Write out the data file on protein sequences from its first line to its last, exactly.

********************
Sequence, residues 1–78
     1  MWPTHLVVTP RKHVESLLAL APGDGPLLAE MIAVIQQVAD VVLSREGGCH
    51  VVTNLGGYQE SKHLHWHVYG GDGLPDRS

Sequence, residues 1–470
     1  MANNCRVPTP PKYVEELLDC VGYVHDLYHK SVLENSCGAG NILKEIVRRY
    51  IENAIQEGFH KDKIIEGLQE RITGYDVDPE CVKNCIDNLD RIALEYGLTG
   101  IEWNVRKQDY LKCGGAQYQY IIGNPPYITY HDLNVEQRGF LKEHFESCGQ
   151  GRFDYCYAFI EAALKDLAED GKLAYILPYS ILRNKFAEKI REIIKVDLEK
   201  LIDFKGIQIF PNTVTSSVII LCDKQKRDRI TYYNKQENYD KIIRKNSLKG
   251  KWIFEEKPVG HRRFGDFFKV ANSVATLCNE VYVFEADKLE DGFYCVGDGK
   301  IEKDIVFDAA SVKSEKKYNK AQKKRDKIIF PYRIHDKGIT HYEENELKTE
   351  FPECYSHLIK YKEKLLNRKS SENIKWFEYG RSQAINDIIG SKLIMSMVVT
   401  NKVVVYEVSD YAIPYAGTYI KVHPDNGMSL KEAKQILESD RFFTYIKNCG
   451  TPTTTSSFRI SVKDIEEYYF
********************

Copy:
Sequence, residues 1–78
     1  MWPTHLVVTP RKHVESLLAL APGDGPLLAE MIAVIQQVAD VVLSREGGCH
    51  VVTNLGGYQE SKHLHWHVYG GDGLPDRS

Sequence, residues 1–470
     1  MANNCRVPTP PKYVEELLDC VGYVHDLYHK SVLENSCGAG NILKEIVRRY
    51  IENAIQEGFH KDKIIEGLQE RITGYDVDPE CVKNCIDNLD RIALEYGLTG
   101  IEWNVRKQDY LKCGGAQYQY IIGNPPYITY HDLNVEQRGF LKEHFESCGQ
   151  GRFDYCYAFI EAALKDLAED GKLAYILPYS ILRNKFAEKI REIIKVDLEK
   201  LIDFKGIQIF PNTVTSSVII LCDKQKRDRI TYYNKQENYD KIIRKNSLKG
   251  KWIFEEKPVG HRRFGDFFKV ANSVATLCNE VYVFEADKLE DGFYCVGDGK
   301  IEKDIVFDAA SVKSEKKYNK AQKKRDKIIF PYRIHDKGIT HYEENELKTE
   351  FPECYSHLIK YKEKLLNRKS SENIKWFEYG RSQAINDIIG SKLIMSMVVT
   401  NKVVVYEVSD YAIPYAGTYI KVHPDNGMSL KEAKQILESD RFFTYIKNCG
   451  TPTTTSSFRI SVKDIEEYYF